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Role Model, Not Runway Model

In 2017 I heard a great deal about the new movie, Wonder Woman, based on the old DC comic. All over Facebook, everywhere I looked, people were kvelling over it, so I figured I’d better go see it before I heard so much there was no longer any point in buying a ticket. Particularly since the buzz I was hearing was exactly the opposite of what I’d expected to hear. In my lifetime, “strong female character” usually meant “scantily clad sex goddess.” Where breasts were freakishly oversized and impossibly perky, and waists were too narrow to pass a pea. I expected this Wonder Woman to be no different from the smattering of comic book heroines who had gone before. But instead what I was hearing was, “Nay, nay, she’s not like those others!”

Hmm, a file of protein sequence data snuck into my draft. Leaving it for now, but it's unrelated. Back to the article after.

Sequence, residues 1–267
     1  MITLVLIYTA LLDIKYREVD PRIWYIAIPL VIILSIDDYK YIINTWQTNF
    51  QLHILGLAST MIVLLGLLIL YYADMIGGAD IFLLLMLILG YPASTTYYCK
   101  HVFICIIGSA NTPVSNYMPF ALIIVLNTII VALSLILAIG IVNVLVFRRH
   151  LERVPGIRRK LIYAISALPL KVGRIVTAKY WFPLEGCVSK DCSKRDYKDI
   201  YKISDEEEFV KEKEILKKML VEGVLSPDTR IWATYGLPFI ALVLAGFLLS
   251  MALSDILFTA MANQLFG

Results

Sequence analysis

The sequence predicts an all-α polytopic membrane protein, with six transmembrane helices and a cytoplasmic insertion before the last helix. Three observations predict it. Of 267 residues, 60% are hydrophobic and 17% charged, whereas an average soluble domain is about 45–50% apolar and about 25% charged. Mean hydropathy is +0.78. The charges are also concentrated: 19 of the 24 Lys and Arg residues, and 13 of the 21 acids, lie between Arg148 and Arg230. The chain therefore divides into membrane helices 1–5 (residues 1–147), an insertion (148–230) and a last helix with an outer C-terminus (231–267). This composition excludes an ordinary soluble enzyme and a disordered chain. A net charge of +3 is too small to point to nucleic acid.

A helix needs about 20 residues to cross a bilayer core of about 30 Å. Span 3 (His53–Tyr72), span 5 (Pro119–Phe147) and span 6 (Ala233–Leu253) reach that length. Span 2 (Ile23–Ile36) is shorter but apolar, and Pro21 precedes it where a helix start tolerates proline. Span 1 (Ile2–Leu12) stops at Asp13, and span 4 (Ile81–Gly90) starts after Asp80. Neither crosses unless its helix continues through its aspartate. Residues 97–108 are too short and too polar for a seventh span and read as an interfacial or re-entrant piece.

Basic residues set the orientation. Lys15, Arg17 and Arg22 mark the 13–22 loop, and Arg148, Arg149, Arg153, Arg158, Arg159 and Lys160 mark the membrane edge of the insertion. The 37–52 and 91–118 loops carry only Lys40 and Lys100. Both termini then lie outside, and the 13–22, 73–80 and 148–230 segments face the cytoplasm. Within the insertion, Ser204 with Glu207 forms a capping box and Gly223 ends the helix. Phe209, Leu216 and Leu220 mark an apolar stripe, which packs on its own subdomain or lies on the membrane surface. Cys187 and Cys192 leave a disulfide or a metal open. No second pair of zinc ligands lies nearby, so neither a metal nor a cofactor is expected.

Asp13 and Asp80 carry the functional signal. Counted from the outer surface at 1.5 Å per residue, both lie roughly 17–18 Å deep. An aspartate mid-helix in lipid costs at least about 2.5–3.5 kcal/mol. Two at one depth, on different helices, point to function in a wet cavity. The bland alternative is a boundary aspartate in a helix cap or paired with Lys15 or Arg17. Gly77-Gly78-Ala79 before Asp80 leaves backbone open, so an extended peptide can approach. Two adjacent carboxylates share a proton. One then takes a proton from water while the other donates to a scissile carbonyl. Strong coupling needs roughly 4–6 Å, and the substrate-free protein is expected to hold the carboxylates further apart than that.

I was skeptical, even though these reports came from many I respect and trust on this. Esther Friesner. Jennifer Roberson, women who know from the Fantasy genre. I’d been burned too many times before. Comic books and superheroes had always been aimed at hormonal teenage boys.